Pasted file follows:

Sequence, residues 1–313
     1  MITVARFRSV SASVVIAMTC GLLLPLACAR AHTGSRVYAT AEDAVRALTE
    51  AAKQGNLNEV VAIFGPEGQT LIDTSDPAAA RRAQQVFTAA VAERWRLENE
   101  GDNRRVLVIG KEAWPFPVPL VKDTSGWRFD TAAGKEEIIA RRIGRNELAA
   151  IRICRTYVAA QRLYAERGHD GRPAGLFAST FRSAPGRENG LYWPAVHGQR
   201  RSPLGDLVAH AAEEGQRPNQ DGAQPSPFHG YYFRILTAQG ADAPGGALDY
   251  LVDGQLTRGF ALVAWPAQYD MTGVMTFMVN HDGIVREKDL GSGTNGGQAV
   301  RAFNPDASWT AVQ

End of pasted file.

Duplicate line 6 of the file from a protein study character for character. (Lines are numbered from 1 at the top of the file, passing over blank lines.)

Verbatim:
   201  RSPLGDLVAH AAEEGQRPNQ DGAQPSPFHG YYFRILTAQG ADAPGGALDY